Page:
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The Terrible Danes

This is Roald Tweet on Rock island

Tourists from Davenport who come across the little mermaid over there in Denmark aren’t impressed. They know she’s just a bit of public relations by which Denmark is trying to put on a friendly face. Davenporters know better. A great many of them are descendants of Germans who emigrated to America in the late 1840s, fleeing a period of political and civil instability in Europe.

Germans came to Davenport in such numbers that they turned the brand-new village on the Mississippi into a German town, rich in music and literary culture. In the last half of the 19th century, nearly every shop, restaurant, hotel, and business establishment in the west end of Davenport was German owned.

A great many of the Davenport Germans had come from two Deutsches of Schleswig and Holstein, ruled by Denmark but populated almost entirely by Germans. As part of the general uprising in Europe, the Schleswig-Holsteiners mounted a military revolt against the despotic Danish government. It was the failure of this revolt against the tyrant Danish king that caused many of the leaders of this revolt to flee in fear of their lives and come to Davenport Iowa. They comprised the largest single group of Davenport Germans.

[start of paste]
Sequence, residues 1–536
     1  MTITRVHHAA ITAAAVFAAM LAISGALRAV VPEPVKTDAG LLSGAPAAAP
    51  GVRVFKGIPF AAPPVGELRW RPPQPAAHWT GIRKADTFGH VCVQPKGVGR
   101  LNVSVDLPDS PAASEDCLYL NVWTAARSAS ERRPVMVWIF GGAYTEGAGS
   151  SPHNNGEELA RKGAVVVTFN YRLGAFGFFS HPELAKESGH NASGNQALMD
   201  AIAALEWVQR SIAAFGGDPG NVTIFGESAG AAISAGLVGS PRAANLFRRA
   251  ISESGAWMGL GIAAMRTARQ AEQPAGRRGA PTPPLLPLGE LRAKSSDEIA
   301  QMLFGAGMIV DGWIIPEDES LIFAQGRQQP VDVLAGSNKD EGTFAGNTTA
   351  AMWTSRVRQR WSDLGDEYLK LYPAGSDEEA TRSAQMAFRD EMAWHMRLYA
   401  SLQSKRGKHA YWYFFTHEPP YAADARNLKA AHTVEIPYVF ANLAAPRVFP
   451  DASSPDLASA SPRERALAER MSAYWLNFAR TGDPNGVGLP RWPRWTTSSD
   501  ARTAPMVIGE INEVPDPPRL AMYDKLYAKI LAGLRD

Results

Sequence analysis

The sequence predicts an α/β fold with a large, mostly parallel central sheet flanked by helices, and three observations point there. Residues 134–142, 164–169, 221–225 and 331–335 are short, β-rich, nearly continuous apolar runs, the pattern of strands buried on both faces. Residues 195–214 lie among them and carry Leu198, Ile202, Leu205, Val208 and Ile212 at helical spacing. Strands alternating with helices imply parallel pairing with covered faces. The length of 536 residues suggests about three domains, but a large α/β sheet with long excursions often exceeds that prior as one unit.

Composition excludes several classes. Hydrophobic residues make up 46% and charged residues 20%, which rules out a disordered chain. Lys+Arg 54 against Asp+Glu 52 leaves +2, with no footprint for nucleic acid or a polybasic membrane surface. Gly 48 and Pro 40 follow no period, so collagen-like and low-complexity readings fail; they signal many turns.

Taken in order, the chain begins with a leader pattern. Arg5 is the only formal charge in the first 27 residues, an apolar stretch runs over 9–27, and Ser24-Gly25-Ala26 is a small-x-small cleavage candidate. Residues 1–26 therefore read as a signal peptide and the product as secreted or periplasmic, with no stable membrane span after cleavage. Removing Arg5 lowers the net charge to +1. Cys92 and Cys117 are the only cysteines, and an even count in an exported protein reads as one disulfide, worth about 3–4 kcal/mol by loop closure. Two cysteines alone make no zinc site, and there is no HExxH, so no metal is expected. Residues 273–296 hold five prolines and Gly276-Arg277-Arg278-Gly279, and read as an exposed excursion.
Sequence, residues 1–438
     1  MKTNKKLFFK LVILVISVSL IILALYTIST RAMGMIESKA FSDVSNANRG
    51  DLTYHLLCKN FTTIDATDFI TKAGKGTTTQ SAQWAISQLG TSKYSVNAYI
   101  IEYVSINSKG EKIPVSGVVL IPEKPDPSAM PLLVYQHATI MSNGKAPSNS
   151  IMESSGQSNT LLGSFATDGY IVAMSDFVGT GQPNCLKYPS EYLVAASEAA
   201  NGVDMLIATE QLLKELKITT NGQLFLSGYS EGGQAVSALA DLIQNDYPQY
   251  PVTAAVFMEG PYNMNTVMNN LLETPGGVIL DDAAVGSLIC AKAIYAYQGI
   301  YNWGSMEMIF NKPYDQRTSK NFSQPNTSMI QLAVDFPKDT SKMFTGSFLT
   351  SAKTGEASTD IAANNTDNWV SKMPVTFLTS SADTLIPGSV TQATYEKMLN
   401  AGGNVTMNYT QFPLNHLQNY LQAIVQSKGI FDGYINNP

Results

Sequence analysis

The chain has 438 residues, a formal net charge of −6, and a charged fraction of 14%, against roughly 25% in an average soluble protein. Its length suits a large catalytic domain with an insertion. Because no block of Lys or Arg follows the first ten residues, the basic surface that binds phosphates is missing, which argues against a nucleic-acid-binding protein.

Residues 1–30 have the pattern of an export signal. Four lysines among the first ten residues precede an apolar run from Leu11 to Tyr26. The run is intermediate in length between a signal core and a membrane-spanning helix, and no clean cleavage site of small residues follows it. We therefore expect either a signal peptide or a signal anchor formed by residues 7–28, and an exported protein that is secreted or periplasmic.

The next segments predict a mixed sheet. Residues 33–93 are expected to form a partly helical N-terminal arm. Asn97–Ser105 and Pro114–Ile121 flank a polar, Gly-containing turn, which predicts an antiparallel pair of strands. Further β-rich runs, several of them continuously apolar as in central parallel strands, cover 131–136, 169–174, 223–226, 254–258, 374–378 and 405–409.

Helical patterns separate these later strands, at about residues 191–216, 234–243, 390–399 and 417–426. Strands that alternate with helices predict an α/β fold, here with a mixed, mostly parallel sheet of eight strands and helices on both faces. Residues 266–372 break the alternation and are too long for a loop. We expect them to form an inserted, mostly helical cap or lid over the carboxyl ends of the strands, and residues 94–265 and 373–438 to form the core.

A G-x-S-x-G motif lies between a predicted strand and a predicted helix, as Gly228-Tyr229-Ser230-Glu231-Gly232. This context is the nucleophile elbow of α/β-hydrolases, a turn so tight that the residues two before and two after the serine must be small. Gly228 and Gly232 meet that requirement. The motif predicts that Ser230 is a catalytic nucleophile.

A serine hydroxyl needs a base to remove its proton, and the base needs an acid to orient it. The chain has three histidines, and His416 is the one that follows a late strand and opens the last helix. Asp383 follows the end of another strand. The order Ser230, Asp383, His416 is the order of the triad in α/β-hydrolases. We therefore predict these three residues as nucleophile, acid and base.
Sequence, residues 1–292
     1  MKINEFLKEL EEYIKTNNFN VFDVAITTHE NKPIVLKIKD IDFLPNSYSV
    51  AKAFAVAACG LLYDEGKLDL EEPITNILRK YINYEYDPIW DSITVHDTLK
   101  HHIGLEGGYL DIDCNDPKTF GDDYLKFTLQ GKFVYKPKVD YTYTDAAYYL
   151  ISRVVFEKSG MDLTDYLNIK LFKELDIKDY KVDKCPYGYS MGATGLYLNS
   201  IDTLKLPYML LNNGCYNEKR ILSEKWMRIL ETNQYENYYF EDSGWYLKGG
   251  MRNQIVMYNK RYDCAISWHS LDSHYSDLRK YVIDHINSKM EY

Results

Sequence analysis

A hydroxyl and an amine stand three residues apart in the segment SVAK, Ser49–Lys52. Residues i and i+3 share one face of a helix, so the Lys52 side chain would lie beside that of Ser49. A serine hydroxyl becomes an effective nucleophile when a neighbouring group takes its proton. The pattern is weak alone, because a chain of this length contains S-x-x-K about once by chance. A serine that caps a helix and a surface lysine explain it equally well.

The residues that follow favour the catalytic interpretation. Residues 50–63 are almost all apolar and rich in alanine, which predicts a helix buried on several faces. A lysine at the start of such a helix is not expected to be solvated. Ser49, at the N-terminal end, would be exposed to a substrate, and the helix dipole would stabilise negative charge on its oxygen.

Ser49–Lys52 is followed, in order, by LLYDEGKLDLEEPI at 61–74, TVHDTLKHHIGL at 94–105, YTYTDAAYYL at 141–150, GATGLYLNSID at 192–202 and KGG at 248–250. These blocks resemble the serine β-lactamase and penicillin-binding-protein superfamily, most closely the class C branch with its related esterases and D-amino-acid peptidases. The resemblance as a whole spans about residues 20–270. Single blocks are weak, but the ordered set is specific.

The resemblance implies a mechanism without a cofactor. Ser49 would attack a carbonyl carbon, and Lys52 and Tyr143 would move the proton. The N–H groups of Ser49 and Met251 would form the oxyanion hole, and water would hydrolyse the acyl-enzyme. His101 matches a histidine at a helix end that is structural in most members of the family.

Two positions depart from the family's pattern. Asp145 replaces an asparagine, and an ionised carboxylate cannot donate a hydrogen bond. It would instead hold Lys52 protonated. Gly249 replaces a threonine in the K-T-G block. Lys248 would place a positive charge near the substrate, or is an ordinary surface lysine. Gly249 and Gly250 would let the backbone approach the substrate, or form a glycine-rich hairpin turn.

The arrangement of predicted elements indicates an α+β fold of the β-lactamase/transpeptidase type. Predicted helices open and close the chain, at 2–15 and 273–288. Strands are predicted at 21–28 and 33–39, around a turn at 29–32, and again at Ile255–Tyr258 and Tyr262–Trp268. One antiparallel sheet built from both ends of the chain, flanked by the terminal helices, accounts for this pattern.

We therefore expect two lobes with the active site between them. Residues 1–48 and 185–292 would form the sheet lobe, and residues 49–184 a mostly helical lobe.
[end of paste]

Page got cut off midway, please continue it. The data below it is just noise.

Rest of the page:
That is why, for sixty years, there was a monument in Davenport’s Washington Square, erected by the Kampfgenossenverein, the Battle Comrade Society to the memory of the brave German freedom fighters against Danish rule. That monument stood until 1918, until the Schleswig-Holsteiners faced a new tyrant: the State of Iowa.

When America entered World War I that year, Iowa ordered German culture to be erased from the state wherever it could be found. German texts were burned; speaking German was banned in both public and private. This time there was no question of resisting the tyrant. The Davenport Germans believed in democracy, in America, and in Davenport. They had been among the first and most loyal supporters of the Union in the Civil War.

And so, the monument in Washington Square came down with little protest, leaving the little mermaid to stand alone as a representation of Danish character.

Rock Island Lines is underwritten by the Illinois Arts Council, a state agency, and Augustana College, Rock Island.

Beginning 1995, historian and folklorist Dr. Roald Tweet spun his stories of the Mississippi Valley to a devoted audience on WVIK. Dr. Tweet published three books as well as numerous literary articles and recorded segments of "Rock Island Lines." His inspiration was that "kidney-shaped limestone island plunked down in the middle of the Mississippi River," a logical site for a storyteller like Dr. Tweet.